How a conservative Christian movement became an important part of Trump's political strategy
Journalist Elle Hardy has followed the Seven Mountain Mandate, which boasts high-profile believers
The Jan. 6 siege on the U.S. Capitol fits into a larger "Christian insurrection," according to freelance journalist Elle Hardy.
Hardy has followed the so-called Seven Mountain Mandate, or 7M, a conservative Christian movement that she says believes in a "God-given authority" to "take over the world."
"You can see a lot of shades of the Tea Party in this, which starts organizing at a very local, micro level. Start making a fuss in your workplace if you don't believe that it's being Christian enough — if they're not flying the flag or allowing you to pray or things like that," she said.
"Whatever it takes is the basic idea, and they will play a long game."
It boasts some high-profile adherents, including U.S. President Donald Trump's spiritual advisor Pastor Paula White.
White led a prayer during the Trump rally that preceded the riot on Capitol Hill. Evangelical Christians are among Trump's biggest supporters.
Hardy spoke with Day 6 host Brent Bambury about the movement and its goals. Below is part of their conversation.
What evidence did you see of 7M at the storming of the U.S. Capitol building last week?
It's everywhere within this movement.
You've got your people who really believe in this theology, and you've got a lot of people who pick it up along the way. So you'll see people like Charlie Kirk, who's the founder of the campus activist group Turning Point [USA], mentioning that "finally we have a president who believes in the seven mountains of influence."
They understand the basic principle, essentially Christian Dominionism. It's an old-fashioned concept, but it is that they have the God-given authority in the Bible to take over the world. And there's some pretty hardcore people that want to do that.
Let's talk about how Trump fits into this, because you've written that Trump's decision to move the U.S. embassy to Jerusalem, and the assassination of Iranian general [Qasem] Soleimani somehow feeds into the 7M belief system. How does that all work?
To understand why they like [Trump], it's because he's not bound up by their morality. He can do the things that they want without having to sort of worry about the ethics and everything behind it.
For them, obviously, Israel is a really important factor because they want to create heaven on earth — and in the Bible, that all starts when God comes back by having the kingdom of Israel ready to go, I suppose.
So it's a really important issue for Evangelicals as much as for the symbolism as anything. It's saying that we're getting what we want. It's not terribly important in the scheme of things to almost anyone living in America.
Obviously, it has ramifications over there, but it's saying that we're putting the wheels in motion to do this thing ... for a minority of people in the United States who believe in this vision.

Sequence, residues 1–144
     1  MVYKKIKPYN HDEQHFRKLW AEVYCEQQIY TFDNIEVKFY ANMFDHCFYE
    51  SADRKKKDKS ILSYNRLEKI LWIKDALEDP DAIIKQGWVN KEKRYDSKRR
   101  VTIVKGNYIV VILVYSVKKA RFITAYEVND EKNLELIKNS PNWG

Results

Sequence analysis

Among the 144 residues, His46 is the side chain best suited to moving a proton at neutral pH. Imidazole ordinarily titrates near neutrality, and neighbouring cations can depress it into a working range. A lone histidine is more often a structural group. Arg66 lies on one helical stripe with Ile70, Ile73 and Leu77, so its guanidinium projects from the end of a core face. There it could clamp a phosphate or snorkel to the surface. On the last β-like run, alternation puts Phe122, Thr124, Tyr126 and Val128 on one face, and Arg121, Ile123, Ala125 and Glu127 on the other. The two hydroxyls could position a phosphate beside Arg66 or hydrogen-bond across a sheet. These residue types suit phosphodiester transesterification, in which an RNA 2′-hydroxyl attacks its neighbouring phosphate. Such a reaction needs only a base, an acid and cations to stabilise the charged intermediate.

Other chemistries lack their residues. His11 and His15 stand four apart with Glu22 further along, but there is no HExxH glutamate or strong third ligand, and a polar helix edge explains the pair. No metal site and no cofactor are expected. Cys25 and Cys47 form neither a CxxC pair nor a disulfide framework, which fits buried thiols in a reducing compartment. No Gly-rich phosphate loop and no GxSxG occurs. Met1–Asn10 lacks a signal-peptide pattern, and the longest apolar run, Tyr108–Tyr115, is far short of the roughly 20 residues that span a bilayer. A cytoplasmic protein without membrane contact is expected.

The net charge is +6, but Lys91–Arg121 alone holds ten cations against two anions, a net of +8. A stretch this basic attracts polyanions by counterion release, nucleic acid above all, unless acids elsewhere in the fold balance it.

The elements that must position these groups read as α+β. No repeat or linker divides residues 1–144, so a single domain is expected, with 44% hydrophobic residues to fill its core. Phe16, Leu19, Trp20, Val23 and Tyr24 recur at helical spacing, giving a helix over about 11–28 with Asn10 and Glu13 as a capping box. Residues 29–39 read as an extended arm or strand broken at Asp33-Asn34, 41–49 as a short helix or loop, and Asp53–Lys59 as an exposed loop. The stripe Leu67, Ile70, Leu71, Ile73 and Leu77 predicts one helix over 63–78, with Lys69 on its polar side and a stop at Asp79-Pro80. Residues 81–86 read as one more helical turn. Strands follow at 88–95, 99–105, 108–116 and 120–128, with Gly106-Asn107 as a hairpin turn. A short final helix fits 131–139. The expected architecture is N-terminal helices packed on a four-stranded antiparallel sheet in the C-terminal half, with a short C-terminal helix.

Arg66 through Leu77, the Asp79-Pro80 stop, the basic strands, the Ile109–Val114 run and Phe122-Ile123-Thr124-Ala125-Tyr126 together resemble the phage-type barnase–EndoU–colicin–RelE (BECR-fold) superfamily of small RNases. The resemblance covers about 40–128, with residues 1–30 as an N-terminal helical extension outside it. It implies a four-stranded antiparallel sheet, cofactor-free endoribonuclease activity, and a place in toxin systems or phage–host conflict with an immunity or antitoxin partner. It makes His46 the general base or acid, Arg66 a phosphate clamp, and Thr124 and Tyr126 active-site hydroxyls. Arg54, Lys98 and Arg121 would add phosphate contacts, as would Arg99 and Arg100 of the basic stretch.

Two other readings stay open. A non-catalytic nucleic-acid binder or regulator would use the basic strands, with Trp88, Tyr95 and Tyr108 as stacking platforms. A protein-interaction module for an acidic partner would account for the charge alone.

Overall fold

How does what 7M wants fit into the idea of Armageddon and end times as it's always existed in Christian prophecy?
The number seven is significant in the book of Revelation, which is the final book of the Bible, which talks about those end times. So it's repeatedly referred to, for example, the seven churches of Asia. But it also is a symbol, and it signifies completion. So it's very important with these groups who really believe in prophecy and symbols and signals.
But the actual case for seven mountains, and this authority to take over the world, comes from Isaiah 2:2 which says: "Now it shall come to pass in the latter days that the mountain of the Lord's House shall be established on the top of the mountains."
So there's a lot of biblical justification for this, but it's also obviously very heavily mixed into a very certain political worldview, and this is why I think it becomes so, so powerful and so dangerous, because they are taking a lot of these ideas from the Bible, but putting them into real-world action.
Whether it's Jerusalem, whether it's trying to take over the Capitol, they are taking what they believe [are] clear biblical instructions, and the mandate for them to dominate over others, and putting it into action.
And as we've seen, if you get enough people to believe this, there can be very violent consequences.
We heard [former national security adviser] Mike Flynn addressing the Jericho March rally, and he's a QAnon adherent. What kind of synergy exists between the messianic Christian movement and the prophecies of QAnon?
There's been a lot of crossover with these two groups, and particularly ... online — and the pandemic obviously hasn't helped with everyone being stuck indoors. So there's been a lot of cross-pollination.
Obviously, they share the essential idea of prophecy, that there have been certain prophecies and clues laid along the way. And it's almost a gamification of religion that QAnon has really taken on. But you can also see it within the people who believe in the Seven Mountains movement.
The end goal of it is really messianic — it's bringing forth the messiah — so whether you believe that that's some guy with security clearances that thinks that Trump's playing this big, long game or whether it's creating heaven on earth via President Trump, it really has a lot of the same things, and so you can see how the same things fade into each other.
Written by Jason Vermes. Produced by Pedro Sanchez.